Before you create a new project on CooCox CoIDE, you have to select a chip series, in order you can select a chip that you will use. To select a chip that you will use to build your project, with the CooCox CoSmart software, just click “New Chip” button that available on “Chip” section (See figure 17). Because on this first project, we use microcontroller chip NUC120RD2BN series from Nuvoton that has been embedded on DT-ARM NUC120 board, so on the “Select New Chip” window, for the “Manufacturers,” click “Nuvoton.” See figure 18. 

Figure 18. Select New Chip window - Manufacturers 

After that, Nuvoton microcontroller families series list will open as shown on figure 19 below. 

Figure 19. Select New Chip window - Chips series 

After you select one of Nuvoton microcontroller chip series (NUC120RD2BN), on the “Chips” tab of the CooCox CoSmart will display the pin configuration. See figure 20. 

Figure 20. NUC120RD2BN microcontroller pin configurations 

STEP 3: Configure GPIO on CooCox CoSmart 
To start configure the Nuvoton microcontroller GPIO, just check the feature that you want to configure. For this project, we need to configure GPIOA feature. So check GPIOA. See figure 21. 

Figure 21. Check GPIOA to configure it 

On this project we will use pin 0 and pin 7 of GPIOA to control Light Emitting Diode (LED) that installed on that pins. See figure 2, so we need to “Enable” that microcontroller pins. To enable a pin using CooCox CoSmart, just click “Disable” status on the configuration section of CooCox CoSmart. If you click the “Disable” on a pin, the pin condition will be change become “Enable.” It is give information that the related pin has been activated, but otherwise, If you click the “Enable” on a pin, the pin condition will be change become “Disable.” It is give information that the related pin has been deactivated. See figure 22. 

Figure 22. Enable Pin 0 and Pin 7 of GPIOA 

After the pins configuration steps has been completed, save that configuration with select the “Project” menu on the CooCox CoSmart and choose the “Save” option. See figure 23. 

Figure 23. Save the pins configuration 

STEP 4: Generate CooCox CoIDE New Project From CooCox CoSmart 
From CooCox CoSmart we can generate CooCox CoIDE new project. Select the “Generate” menu on the CooCox CoSmart and choose the “generate CoIDE Project” option. See figure 24. 

Figure 24. Generate CooCox CoIDE new project from CooCox CoSmart 

On the New Project windows, determine the Project Name, un-check “Use default path”, and determine a directory as the Project Path. After that, click “Next” button, See figure 25! 

Figure 25. CoIDE New project - project name and the path 

Figure 26. A CooCox CoIDE new project folder generated automatically 

For your information, on the CooCox CoIDE new project folder, there are two C-program file, i.e. “Init.c” and “Main.c.” The two C-program are generated by CooCox CoSmart software. “Init.c” contain with peripheral initialization functions which we have configured it on Pin configuration step (STEP 3) above on CooCox CoSmart software. Below is the detail program of “Init.c” program file. 

Init.c 


In order a project can run as our expectation, we have to call “Init.c” program from its “main.c” program. 

STEP 5: Create Program on CooCox CoIDE Program Editor 
Before create program to control LED behaviour on Pin 0 and Pin 7 of NUC120RD2BN series microcontroller, please open the CoIDE project file (*.coproj) from the new project folder that has been generated using CoSmart on step 4 above. Double-click the project file (See figure 26), wait for a moment until CoIDE new project opened (See figure 27). To open the CooCox CoIDE program editor, double-click the main program (main.c). Type your program on the program editor (See figure 28). 

Figure 27. CoIDE new project has been opened 

Figure 28. Open main program (main.c) & CoIDE program editor 

On this first project, we will create a program to control two LED (Ligth Emitting Diode) which installed on Pin 0 and Pin 7 of the Nuvoton NUC120RD2BN microcontroller GPIOA. Write the program below on the Coocox CoIDE program editor, see figure 29!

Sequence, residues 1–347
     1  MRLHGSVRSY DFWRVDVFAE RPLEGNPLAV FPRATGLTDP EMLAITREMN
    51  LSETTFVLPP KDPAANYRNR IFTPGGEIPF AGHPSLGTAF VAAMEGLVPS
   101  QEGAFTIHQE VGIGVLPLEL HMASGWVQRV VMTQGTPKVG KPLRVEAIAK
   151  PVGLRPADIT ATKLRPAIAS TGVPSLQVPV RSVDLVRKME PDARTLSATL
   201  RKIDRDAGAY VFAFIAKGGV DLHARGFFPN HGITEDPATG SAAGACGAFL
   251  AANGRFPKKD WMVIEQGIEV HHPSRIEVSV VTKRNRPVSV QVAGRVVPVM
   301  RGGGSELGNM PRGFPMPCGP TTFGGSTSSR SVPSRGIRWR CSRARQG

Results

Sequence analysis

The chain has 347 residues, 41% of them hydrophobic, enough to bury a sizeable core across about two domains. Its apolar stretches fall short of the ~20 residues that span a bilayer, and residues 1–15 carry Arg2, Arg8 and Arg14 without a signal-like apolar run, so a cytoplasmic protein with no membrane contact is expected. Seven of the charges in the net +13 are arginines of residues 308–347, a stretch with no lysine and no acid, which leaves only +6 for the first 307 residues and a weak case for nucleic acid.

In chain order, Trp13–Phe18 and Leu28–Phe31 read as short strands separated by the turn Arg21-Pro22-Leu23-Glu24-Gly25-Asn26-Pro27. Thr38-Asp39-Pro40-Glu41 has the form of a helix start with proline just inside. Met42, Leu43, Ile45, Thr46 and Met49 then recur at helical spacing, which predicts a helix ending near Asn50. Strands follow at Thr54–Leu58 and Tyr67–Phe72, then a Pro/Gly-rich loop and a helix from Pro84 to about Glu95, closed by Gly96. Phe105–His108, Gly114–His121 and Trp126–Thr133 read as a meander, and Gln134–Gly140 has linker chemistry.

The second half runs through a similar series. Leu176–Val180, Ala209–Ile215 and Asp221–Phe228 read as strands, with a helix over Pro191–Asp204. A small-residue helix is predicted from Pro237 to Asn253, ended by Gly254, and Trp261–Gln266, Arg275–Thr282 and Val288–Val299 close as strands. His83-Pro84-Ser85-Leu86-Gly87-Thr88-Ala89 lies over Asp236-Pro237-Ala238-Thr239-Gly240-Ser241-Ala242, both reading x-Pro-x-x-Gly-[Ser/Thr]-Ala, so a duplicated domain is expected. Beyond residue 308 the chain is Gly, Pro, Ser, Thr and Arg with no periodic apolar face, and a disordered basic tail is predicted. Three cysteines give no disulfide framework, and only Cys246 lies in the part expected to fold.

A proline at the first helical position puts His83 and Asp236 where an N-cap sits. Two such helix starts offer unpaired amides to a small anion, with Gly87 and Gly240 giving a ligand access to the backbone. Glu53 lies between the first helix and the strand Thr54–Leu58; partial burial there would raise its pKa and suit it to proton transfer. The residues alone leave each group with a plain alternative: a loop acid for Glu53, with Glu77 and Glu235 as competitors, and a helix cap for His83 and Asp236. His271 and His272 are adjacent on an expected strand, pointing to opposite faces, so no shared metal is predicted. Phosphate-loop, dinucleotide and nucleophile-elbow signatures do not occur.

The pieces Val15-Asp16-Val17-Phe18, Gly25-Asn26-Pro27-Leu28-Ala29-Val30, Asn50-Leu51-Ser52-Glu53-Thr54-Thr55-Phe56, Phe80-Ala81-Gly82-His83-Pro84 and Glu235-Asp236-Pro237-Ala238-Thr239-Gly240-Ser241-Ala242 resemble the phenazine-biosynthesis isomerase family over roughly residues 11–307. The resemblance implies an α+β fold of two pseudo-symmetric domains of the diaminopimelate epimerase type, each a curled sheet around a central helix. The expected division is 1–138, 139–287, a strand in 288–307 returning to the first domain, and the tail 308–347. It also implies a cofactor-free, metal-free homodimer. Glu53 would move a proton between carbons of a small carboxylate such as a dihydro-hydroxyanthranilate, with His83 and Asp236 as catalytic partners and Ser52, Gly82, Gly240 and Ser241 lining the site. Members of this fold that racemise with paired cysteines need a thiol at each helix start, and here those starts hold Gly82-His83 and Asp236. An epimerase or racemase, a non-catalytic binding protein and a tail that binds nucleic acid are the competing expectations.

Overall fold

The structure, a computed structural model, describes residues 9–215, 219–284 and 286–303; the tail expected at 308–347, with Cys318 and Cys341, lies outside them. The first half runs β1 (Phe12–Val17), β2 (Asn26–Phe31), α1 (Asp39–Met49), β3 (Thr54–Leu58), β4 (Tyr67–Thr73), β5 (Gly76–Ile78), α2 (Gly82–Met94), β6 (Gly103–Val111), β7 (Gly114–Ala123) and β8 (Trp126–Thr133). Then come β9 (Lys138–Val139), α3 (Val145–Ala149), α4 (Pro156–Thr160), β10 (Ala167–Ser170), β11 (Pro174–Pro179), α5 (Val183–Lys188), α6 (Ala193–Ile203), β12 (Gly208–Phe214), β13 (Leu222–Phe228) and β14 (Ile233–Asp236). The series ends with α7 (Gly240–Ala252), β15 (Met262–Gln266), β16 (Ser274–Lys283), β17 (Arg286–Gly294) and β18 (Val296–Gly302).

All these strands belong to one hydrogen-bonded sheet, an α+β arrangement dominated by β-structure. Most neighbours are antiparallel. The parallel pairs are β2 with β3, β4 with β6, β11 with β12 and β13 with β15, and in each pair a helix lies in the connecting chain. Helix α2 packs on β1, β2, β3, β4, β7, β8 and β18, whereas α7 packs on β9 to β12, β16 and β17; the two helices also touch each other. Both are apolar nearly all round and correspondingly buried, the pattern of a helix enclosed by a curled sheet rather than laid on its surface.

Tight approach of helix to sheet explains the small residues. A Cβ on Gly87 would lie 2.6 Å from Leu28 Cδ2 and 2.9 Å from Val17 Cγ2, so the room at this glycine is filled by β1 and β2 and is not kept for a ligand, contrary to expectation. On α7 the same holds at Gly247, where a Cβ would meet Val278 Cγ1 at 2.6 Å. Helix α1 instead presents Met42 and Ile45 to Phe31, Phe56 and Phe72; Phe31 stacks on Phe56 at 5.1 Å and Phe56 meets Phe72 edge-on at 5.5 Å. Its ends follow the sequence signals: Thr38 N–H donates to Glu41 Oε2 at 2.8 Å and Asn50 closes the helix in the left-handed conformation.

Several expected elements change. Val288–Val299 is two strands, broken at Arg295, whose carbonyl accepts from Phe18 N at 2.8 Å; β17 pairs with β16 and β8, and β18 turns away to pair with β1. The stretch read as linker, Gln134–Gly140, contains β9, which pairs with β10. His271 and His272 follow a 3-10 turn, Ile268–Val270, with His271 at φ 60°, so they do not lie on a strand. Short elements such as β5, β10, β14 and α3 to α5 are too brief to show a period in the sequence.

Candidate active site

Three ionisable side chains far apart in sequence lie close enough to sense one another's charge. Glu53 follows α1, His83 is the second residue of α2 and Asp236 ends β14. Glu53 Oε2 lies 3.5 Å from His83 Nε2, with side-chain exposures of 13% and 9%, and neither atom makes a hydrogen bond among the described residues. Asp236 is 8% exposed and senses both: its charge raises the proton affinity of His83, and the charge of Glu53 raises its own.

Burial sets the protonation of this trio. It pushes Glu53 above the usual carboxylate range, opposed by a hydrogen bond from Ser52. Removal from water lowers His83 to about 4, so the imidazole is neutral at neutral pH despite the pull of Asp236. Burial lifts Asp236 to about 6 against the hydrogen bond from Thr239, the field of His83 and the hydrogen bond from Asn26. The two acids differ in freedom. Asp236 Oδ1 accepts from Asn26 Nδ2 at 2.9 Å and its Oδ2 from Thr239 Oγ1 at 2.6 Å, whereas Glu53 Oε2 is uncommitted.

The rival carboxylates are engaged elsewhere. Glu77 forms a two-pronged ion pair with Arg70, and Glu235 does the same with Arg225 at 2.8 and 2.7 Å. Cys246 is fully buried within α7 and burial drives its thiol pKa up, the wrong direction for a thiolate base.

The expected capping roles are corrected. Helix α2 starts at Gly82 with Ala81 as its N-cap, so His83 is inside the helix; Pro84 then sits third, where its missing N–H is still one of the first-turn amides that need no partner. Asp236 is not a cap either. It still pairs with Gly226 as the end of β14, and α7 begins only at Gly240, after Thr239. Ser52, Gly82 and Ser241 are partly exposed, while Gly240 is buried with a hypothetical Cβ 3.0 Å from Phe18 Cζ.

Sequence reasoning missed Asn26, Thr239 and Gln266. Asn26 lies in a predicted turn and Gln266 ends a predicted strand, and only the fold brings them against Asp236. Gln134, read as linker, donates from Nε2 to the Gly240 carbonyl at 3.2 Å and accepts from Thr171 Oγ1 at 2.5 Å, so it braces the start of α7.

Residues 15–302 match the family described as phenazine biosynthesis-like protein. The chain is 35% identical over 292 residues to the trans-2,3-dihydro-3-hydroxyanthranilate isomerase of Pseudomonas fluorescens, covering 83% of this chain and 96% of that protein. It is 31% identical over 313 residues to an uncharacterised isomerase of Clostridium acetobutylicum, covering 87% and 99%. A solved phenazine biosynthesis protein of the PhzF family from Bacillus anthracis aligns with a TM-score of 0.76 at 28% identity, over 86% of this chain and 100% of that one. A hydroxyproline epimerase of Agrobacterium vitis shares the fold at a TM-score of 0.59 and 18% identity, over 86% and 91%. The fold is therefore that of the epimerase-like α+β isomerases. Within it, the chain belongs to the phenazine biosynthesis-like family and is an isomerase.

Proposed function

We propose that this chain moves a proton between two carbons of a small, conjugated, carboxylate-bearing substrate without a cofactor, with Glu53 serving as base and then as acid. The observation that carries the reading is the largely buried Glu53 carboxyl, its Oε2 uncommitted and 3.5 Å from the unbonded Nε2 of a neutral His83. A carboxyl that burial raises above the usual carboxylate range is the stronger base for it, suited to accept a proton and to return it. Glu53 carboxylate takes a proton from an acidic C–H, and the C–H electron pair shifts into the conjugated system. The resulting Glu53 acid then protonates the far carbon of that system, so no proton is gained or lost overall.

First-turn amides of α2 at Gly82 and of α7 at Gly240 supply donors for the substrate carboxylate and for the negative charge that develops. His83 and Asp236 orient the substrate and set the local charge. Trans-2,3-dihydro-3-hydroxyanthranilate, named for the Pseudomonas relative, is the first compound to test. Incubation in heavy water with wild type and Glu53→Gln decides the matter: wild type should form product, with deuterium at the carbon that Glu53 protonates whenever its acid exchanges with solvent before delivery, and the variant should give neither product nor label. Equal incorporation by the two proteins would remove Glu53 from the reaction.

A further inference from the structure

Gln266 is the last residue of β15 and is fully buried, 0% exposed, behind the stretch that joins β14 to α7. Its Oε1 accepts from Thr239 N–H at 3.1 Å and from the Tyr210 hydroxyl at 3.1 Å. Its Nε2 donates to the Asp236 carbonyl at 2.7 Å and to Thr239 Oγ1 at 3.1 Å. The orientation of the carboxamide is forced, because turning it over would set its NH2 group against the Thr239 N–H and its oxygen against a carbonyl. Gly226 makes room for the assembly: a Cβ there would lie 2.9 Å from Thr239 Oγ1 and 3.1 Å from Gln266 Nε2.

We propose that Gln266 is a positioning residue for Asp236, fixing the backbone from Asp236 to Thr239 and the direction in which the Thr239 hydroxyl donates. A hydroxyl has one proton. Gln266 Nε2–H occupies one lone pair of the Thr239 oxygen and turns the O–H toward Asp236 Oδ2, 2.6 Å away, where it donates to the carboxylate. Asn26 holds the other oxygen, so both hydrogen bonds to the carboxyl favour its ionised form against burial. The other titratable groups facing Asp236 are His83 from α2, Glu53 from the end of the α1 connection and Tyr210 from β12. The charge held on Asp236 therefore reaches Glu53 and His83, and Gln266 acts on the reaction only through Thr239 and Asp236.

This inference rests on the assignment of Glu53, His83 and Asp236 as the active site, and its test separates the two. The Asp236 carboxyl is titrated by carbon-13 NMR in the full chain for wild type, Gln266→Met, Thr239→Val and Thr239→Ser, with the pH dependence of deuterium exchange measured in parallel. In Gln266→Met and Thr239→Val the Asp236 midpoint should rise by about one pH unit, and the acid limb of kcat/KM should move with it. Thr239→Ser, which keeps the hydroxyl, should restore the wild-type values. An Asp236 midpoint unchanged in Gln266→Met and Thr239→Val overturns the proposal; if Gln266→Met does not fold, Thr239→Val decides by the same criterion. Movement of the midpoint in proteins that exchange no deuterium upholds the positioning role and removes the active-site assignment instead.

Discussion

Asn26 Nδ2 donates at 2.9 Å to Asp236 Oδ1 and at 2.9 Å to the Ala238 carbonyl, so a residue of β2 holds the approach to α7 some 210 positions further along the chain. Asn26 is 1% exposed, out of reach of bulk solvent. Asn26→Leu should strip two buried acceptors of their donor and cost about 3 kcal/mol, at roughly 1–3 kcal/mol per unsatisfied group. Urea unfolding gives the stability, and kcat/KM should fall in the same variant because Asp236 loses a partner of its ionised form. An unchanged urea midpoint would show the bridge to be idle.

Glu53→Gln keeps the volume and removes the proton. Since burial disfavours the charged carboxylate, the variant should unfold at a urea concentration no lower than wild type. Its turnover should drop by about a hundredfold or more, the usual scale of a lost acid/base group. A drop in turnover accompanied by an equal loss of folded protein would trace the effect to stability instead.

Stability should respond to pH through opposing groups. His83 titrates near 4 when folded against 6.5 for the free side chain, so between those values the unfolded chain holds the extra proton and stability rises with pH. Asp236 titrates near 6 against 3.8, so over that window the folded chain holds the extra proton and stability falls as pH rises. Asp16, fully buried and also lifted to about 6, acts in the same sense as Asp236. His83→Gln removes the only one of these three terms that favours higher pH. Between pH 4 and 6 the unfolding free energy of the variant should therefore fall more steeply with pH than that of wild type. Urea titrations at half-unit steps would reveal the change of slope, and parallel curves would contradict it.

Figure 29. Write the program on Coocox CoIDE program editor 

This program will make LED components which installed on Pin 0 and Pin 7 of GPIOA light-up alternately. Below is the full program: 

main.c 


Step 6: Build The Program 
In order the program can be downloaded (sent) to the target microcontroller chip, so the program must be compiled (built) first before downloaded. To do so, click the build button or we can use shortcut-key F7. See figure 30. 

Figure 30. Build the created program 

If the build process run successfully, on the Coocox CoIDE console section will generate notification that “ BUILD SUCCESSFUL” as we can see on the figure 30. 

Step 7: Program Download to The Target Microcontroller Chip 
To download (send) the built program to the target microcontroller chip, lets follow the steps belo: 

#1: Open NuMicro ISP Programming Tool Software (NuvoISP) 
Double-click the NuvoISP launcher on its storage directory (in your computer) or on your computer desktop (if you have make it) to open it. See figure 31. 

Figure 31. launcher (exe) file to open NuvoISP 

Figure 32. NuMicro ISP Programming Tool software (NuvoISP) - Disconnected 

After the NuvoISP opened, the connection status is still “Disconnected”, so make the NuvoISP software connect to the Nuvoton microcontroller on the development board which you use. To do so, select “USB” option for the connection interface and then click “Connect” button so the connection status change to “Connected.” See figure 33. 

Figure 33. NuMicro ISP Programming Tool software (NuvoISP) - Connected 

#2: Browse The Bin File of Your Build Program 
Browse the bin file of your build program by click “APROM” button on the “Load File” section of NuvoISP software (See figure 33). Find the bin file on its storage directory and click “Open (See figure 34). 

Figure 34. The bin file of your build program on its storage directory 

After “APROM” button has clicked, the bin file will loaded and its data displayed on the “File Data” section of NuvoISP software. Before get started to download the bin file data, don’t forget to select 32 bits radio-button and check “APROM” on the “Programming section (see figure 35). If thats all has done, then click “Start” button to get started to download the bin file data into the Nuvoton microcontroller target on your development board which you use. 

Figure 35. NuvoISP software - Bin file has been loaded 

After that, the download process will run. Wait for a moment. If the download process run successful, on the NuvoISP will opened a window that inform if the programming flash Ok (See figure 36). 

Figure 36. NuvoISP software - Program download process run successfully 

To ensure that the built program has downloaded into the target Nuvoton microcontroller chip, please observe the project hardware. Is the LED behaviour has been as your expectation? If yes, that is sign that the built program has downloaded well.